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Alikhani S, Soltani S. The Relationship Between the Distinguishing Number and the Distinguishing Index with the Detection Number. mmr 2020; 6 (1) :109-118

URL: http://mmr.khu.ac.ir/article-1-2625-en.html

URL: http://mmr.khu.ac.ir/article-1-2625-en.html

2- Yazd University

The graph is a mathematical model for a discrete set whose members are interlinked in some way. The members of this collection can be the different parts of the earth and the connections between them are bridges that tie them together (like the Konigsberg problem). Graph theory is one of the important issues in discrete mathematics, which studies graphs and modeling issues by them. In 1736, Leonard Euler established the graph theory for solving the Konigsberg Bridge problem. But James Joseph Sylvester was the first to use the word "graph" in 1878 to name these mathematical models.

In graph theory, graph coloring is a special case of graph labeling; it is an assignment of labels traditionally called "colors" to elements of a graph subject to certain constraints. In its simplest form, it is a way of coloring the vertices of a graph such that no two adjacent vertices share the same color; this is called a vertex coloring. Similarly, an edge coloring assigns a color to each edge so that no two adjacent edges share the same color, and a face coloring of a planar graph assigns a color to each face or region so that no two faces that share a boundary have the same color. The convention of using colors originates from coloring the countries of a map, where each face is literally colored. Graph coloring enjoys many practical applications as well as theoretical challenges. Beside the classical types of problems, different limitations can also be set on the graph, or on the way a color is assigned, or even on the color itself. It has even reached popularity with the general public in the form of the popular number puzzle Sudoku. Graph coloring is still a very active field of research. This paper is concerned with a specific coloring, say the distinguishing coloring which is originated from a classic elementary problem, Frank Rubin's key problem, which Stan Wagon circulated in the Macalester College problem column:

Professor X, who is blind, keeps keys on a circular key ring. Suppose there are a variety of handle shapes available that can be distinguished by touch. Assume that all keys are symmetrical so that a rotation of the key ring about an axis in its plane is undetectable from an examination of a single key. How many shapes does Professor X need to use in order to keep n keys on the ring and still be able to select the proper key by feel?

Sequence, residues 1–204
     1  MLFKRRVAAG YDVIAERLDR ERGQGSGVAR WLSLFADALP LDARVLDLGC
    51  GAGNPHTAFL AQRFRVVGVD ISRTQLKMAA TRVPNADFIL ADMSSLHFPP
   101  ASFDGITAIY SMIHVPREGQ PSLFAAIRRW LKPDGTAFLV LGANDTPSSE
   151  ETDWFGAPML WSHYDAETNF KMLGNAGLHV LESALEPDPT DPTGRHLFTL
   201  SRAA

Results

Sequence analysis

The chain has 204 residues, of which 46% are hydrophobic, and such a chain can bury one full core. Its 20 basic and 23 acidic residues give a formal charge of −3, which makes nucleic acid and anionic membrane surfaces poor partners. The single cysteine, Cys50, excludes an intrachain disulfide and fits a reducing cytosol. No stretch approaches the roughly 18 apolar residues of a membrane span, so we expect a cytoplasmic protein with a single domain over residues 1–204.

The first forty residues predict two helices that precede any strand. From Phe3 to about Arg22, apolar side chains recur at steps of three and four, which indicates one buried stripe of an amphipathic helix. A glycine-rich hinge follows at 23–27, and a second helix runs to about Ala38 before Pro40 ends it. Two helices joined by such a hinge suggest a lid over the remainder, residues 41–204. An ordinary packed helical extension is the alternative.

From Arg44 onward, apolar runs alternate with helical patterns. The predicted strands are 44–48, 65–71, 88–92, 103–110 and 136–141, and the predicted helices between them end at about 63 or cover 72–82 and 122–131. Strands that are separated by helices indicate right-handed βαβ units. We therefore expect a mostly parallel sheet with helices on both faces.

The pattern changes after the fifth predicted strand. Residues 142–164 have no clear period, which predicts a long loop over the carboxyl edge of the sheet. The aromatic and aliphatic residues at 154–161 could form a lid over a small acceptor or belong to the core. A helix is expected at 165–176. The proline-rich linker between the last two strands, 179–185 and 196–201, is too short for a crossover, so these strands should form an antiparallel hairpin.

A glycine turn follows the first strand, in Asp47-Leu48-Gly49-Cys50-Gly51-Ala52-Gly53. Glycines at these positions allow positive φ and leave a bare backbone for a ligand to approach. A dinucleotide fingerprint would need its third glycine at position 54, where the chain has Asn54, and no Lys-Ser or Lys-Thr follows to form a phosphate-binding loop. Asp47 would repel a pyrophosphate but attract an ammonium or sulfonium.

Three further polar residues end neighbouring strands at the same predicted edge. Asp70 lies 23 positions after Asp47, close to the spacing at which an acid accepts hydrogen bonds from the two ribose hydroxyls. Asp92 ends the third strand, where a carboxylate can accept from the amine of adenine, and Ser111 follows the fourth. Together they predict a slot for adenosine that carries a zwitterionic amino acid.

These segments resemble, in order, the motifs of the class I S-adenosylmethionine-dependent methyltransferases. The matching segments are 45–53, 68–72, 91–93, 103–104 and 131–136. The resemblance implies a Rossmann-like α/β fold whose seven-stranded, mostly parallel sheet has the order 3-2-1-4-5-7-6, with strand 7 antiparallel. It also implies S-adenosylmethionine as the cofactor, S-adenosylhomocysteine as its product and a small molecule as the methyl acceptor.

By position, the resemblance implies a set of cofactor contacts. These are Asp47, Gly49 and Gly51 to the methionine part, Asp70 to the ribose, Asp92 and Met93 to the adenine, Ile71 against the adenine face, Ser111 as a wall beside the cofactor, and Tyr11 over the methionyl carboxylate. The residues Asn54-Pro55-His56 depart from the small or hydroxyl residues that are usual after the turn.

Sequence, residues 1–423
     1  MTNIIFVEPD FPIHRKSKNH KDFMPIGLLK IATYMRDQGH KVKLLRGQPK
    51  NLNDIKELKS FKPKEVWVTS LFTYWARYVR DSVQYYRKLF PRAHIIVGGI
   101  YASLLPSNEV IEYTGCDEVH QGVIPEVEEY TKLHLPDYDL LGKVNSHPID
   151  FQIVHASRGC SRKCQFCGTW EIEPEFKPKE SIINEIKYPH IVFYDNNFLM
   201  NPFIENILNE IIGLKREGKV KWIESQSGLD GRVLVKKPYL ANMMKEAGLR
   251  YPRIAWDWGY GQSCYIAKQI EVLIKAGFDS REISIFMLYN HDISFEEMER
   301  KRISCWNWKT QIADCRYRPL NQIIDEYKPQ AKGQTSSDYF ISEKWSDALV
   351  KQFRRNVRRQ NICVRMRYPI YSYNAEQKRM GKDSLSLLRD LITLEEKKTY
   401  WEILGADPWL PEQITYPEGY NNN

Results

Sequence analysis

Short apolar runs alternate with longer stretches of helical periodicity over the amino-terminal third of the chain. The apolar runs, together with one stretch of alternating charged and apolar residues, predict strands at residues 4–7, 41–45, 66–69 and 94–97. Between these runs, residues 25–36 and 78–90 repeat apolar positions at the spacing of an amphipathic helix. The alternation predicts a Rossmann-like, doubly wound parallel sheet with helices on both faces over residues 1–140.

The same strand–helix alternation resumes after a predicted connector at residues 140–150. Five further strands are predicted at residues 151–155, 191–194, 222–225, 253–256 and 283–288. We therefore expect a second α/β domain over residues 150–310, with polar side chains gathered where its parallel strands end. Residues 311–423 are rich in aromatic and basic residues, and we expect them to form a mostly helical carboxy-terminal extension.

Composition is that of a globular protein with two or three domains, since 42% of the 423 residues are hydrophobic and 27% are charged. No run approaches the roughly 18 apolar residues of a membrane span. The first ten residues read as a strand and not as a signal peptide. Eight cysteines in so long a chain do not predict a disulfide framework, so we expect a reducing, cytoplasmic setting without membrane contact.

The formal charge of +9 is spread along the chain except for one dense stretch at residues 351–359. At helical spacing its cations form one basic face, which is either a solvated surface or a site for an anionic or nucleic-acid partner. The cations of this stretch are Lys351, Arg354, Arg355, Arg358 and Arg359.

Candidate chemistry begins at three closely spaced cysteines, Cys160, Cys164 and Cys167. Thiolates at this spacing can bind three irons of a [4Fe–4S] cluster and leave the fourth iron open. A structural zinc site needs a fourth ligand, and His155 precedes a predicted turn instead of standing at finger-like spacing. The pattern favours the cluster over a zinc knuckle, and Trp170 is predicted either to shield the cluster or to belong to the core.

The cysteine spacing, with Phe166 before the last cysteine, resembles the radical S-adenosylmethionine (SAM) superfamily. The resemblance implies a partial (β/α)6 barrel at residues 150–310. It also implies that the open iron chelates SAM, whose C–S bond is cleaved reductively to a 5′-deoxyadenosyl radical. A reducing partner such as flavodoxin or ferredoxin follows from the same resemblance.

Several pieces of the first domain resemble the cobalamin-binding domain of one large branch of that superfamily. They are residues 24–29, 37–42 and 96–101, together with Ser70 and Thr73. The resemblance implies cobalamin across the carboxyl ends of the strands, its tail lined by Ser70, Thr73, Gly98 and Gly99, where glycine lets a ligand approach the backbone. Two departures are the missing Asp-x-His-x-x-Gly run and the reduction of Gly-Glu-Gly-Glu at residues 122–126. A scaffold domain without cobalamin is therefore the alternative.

The surprise is that if six or more keys are on the ring, there need only be 2 different handle shapes; but if there are three, four, or five keys on the ring, there must be 3 different handle shapes to distinguish them. The answer to the key problem depends on the shape of the key ring. A labeling of a graph G, ɸ: V(G) → {1,2, …, r}, is said to be r-distinguishing if no automorphism of G preserves all of the vertex labels. The point of the labels on the vertices is to destroy the symmetries of the graph, that is, to make the automorphism group of the labeled graph trivial. Consequently, we define the distinguishing number of a graph G by

D(G)=min {r| G has a labeling that is r-distinguishing}.

Similarly, the distinguishing index D′(G) of a graph G is the least integer d such that G has an edge labeling with d labels that is preserved only by a trivial automorphism.

Let G be a connected graph of order n ≥ 3 and let c: E(G) → {1, 2, …, k} be a coloring of the edges of G (where adjacent edges may be colored the same). For each vertex v of G, the color code of v with respect to c is the k-tuple c(v) = (a

We use cycle rank parameter and first consider the case and prove that and then using spanning trees we obtain an upper bound for distinguishing number.

In this paper, we consider the relationship between the distinguishing number and index with the detection number of a graph. In particular, we show that the distinguishing index of a connected graph is at most equal with the detection number, i.e., D'(G) ≤ det(G).

The following conclusions were drawn from this research.

- An upper bound for D(G) by the detection number of its spanning trees.
- The upper and lower bounds for the distinguishing number by the detection number of a graph.
- Every detectable coloring is a distinguishing labeling of the edges of a graph.
- The upper bounds for the distinguishing index by the detection number of a graph../files/site1/files/61/11.pdf

Type of Study: Original Manuscript |
Subject:
alg

Received: 2017/05/24 | Revised: 2020/07/8 | Accepted: 2018/09/17 | Published: 2020/01/25 | ePublished: 2020/01/25

Received: 2017/05/24 | Revised: 2020/07/8 | Accepted: 2018/09/17 | Published: 2020/01/25 | ePublished: 2020/01/25

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